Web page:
“Unfairness is one of the things that bother me the most. However, I do recognize that life has always mysterious ways to impart lessons even to those who think themselves beyond and above teaching and reproach”.

Today has been a day in which I have thought long and hard about the concept of fairness and equality. When I think of fairness, the image of Shangó comes to mind. A king must always be fair to its people, and orisha followers should strive to follow in his steps. When I pledged my life to service of the Orisha, 12 years ago this winter, fundamental changes took place inside of me. Whereas in the past I could observe an unfair situation and remain simply an observer, after Kariosha I can’t remain impassive when I see situations that involve blatant unfairness.

Life is a continuous act of balance, the mere act of breathing brings balance to our internal environment. The life of an Orisha initiate is an act of balance between coolness and hotness. We strive to remain with orí tutu (cool heads) and to avoid acts that heat up our orí. But sometimes heat is necessary to achieve balance. Heat makes us go into motion, coolness helps us to direct the actions and make them purposeful.

Continue reading “Part 4: 10 Assumptions that New Comers to ATRs should not make”

Part 3: 10 Assumptions New Comers to ATRs should not make

Homosexuality and ATRs a Quest for Balance
Assumption #3: The entire ATR community is gay friendly.

If you are a gay man or woman or a transgender this article will present some down to earth point of views on how you will be perceived by various African Traditional Religions, which paths are open without struggle and confrontation and which will certainly create heartache and strife.

It is not our place to judge spiritual callings, but as elders in at least one of the ATRs that exclude homosexual participants, traditional Palo Mayombe, we do have some points to make to contribute to this subject. It is our role to uphold traditions while trying to help gay brothers and sisters who have a simpatico for a particular path closed to them to find alternatives where to express their devotion.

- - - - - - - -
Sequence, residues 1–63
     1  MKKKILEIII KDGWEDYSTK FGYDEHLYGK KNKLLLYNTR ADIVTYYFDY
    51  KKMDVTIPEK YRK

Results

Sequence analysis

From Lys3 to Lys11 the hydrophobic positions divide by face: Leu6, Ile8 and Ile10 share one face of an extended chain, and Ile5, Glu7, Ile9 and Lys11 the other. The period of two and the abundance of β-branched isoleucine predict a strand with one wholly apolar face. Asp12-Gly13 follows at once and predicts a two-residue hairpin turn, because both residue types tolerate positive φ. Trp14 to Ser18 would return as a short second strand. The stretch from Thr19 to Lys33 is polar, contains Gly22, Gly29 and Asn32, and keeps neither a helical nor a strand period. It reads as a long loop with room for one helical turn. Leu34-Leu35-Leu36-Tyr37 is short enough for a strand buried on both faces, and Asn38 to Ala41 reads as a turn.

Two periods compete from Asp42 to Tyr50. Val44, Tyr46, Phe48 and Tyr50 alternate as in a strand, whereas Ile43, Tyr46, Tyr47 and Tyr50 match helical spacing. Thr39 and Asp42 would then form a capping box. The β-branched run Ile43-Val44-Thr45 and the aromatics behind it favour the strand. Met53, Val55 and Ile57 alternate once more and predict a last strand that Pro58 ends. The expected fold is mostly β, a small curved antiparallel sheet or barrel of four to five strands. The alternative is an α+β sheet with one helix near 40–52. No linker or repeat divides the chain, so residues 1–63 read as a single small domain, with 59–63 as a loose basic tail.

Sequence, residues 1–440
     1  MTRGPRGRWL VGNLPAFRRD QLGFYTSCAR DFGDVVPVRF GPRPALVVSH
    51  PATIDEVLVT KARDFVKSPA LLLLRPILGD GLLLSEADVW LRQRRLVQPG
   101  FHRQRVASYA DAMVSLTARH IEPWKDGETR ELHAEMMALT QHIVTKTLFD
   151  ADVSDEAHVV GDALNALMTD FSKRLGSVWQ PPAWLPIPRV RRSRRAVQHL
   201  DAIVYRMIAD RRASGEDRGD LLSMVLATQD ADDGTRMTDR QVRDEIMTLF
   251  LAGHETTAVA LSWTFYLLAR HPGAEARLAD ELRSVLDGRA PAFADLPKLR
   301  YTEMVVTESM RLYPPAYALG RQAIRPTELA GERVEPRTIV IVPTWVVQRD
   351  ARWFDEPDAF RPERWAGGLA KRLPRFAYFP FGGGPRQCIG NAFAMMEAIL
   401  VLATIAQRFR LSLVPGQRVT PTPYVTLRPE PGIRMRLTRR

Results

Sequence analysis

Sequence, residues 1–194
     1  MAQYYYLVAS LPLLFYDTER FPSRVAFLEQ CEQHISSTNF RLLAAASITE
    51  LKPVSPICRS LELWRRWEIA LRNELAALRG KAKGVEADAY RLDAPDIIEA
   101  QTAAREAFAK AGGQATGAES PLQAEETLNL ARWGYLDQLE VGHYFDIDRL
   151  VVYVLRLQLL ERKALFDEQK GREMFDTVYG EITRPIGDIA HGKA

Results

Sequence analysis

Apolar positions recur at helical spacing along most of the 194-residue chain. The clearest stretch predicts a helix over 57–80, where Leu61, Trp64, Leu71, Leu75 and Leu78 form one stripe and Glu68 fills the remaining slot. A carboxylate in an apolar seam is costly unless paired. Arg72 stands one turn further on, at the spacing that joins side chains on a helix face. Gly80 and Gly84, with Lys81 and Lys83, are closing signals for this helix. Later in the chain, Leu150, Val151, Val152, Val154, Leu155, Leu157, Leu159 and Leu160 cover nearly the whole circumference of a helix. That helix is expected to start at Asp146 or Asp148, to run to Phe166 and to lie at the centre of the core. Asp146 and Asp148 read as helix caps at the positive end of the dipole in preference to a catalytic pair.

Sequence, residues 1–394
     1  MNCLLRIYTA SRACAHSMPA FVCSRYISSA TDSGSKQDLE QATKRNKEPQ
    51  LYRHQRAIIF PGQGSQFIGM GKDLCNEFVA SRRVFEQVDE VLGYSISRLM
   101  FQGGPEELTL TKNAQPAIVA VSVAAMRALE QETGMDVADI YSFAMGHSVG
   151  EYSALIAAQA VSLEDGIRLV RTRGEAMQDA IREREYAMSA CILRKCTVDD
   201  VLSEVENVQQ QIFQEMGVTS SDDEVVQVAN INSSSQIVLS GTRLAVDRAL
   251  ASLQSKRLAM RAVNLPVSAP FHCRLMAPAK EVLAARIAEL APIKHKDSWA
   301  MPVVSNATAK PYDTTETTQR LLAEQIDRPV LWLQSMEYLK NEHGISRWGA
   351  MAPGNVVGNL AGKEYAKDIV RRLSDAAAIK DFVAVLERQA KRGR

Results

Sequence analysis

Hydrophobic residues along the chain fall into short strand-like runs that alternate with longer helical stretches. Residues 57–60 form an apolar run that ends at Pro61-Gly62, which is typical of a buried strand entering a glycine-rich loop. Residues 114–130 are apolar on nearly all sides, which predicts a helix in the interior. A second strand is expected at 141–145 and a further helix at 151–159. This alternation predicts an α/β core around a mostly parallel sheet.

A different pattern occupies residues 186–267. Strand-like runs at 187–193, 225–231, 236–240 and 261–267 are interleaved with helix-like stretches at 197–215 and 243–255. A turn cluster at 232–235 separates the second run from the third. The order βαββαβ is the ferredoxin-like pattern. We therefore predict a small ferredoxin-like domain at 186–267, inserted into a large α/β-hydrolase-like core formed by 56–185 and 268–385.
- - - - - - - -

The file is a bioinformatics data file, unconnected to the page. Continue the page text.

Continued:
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Why are more Westerners drawn to African Traditional Religions?

The Lure of the African Traditional Religions
Orisha, Ifá, Voodoo, Umbanda, Candomble, Kimbisa, Kimbanda, 21 Divisions, Sanse, 7 Divisions, Kumina, Obeah, Hoodoo, Palo Mayombe and the list keeps growing. What is it that is making followers of Western magic and other traditional religions become the new practitioners of African Traditional religions (ATRs)?

It is certainly not because they are thrilled to have to learn in many cases a foreign language, or because the practitioners of these spiritual traditions are very open to accept people outside their communities and culture. No, as a matter of fact, there are many shifts that a newcomer to these religions would have to make to accommodate and understand fully any of these systems. So, if the path is not particularly rosy, what keeps making Jane and John Doe want to become an Houngan, a Tata, a Babalosha, an Hounsi, a Yaya, an Iyalosha and to claim in due legitimacy any of these hard earned and until rather recent times hard to get titles?

The answer is as complicated as the question itself.

Continue reading “Why are more Westerners drawn to African Traditional Religions?”